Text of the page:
Last night, at the 86th Annual Academy Awards, Cate Blanchett finally claimed her Best Actress Oscar for her schizophrenic portrayal of a New York socialite on the verge in Woody Allen’s Blue Jasmine.
She would give a rousing acceptance speech. She would pay tribute to her fellow actresses. She would tease Julia Roberts. She would champion women. She would slam filmmakers “who are still foolishly clinging to the idea that female films with women at the centre are niche experiences.”
“They are not,” Blanchett said. “Audiences want to see them, and in fact, they earn money.”
It was charming. It was heartfelt.
And then, in an attempt at not appearing ungrateful to the director who had put her in his movie Cate Blanchett made a fleeting acknowledgement to Woody Allen. “I’m here accepting an award in an extraordinary screenplay by Woody Allen. Thank you so much, Woody, for casting me.”
It was short and sweet. It was a moment that was met with tepid, almost hesitant, applause.
What you may not know, however, was that Blanchett had originally planned a far lengthier – though more cautious and considered – acknowledgment of Allen. We’ve managed to get our hands on a copy of Cate Blanchett’s original remarks. And here it is, an Uma & Joe at the Movies exclusive.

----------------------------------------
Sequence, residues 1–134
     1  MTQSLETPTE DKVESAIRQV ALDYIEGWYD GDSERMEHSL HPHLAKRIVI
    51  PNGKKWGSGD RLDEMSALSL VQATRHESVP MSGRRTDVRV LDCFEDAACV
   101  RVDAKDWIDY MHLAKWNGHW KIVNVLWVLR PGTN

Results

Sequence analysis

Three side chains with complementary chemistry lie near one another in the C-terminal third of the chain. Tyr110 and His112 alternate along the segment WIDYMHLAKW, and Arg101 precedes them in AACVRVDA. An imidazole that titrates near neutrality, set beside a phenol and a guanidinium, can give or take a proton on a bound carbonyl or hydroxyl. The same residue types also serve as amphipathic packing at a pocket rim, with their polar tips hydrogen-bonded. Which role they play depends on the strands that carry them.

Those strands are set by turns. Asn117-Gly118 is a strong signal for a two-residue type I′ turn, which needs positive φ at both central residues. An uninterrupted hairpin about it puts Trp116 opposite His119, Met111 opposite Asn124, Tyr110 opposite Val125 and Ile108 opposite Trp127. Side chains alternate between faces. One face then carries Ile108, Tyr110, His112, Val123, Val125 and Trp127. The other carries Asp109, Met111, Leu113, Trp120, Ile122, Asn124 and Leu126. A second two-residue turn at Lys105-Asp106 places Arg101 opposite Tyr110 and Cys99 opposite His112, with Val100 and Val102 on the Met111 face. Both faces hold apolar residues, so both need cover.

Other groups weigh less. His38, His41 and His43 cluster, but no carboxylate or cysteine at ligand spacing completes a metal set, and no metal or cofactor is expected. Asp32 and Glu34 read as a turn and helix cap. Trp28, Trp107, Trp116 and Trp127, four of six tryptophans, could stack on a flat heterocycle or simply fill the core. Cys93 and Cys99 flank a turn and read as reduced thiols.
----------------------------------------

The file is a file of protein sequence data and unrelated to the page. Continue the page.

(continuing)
“I’m here accepting an award in an extraordinary screenplay by Woody Allen. (Any views or opinions presented in this speech are solely dependent on the legal standing of Woody Allen at this particular point in time and is subject to change if or when Woody Allen is ever charged with or found guilty of any of the crimes to which he is accused. I accept no liability for the content of this speech or for the consequences of any actions taken on the basis of the information provided. I am not responsible or personally liable for any damages or other liability arising. I am not my brother’s keeper. I am just paid to do a job goddammit. They give me lines and I read them. Billie Jean is not my lover. Boy, I sure do love Michael Jackson. We all love Michael Jackson. Hey Phillip Seymour Hoffman died. That’s so sad. The state of drugs in this country is truly a concern. Especially when it robs us of such a great talent like my close and personal friend Phillip Seymour Hoffman. Woody what now? Oh yeah…) Thank you so much, Woody, for casting me.”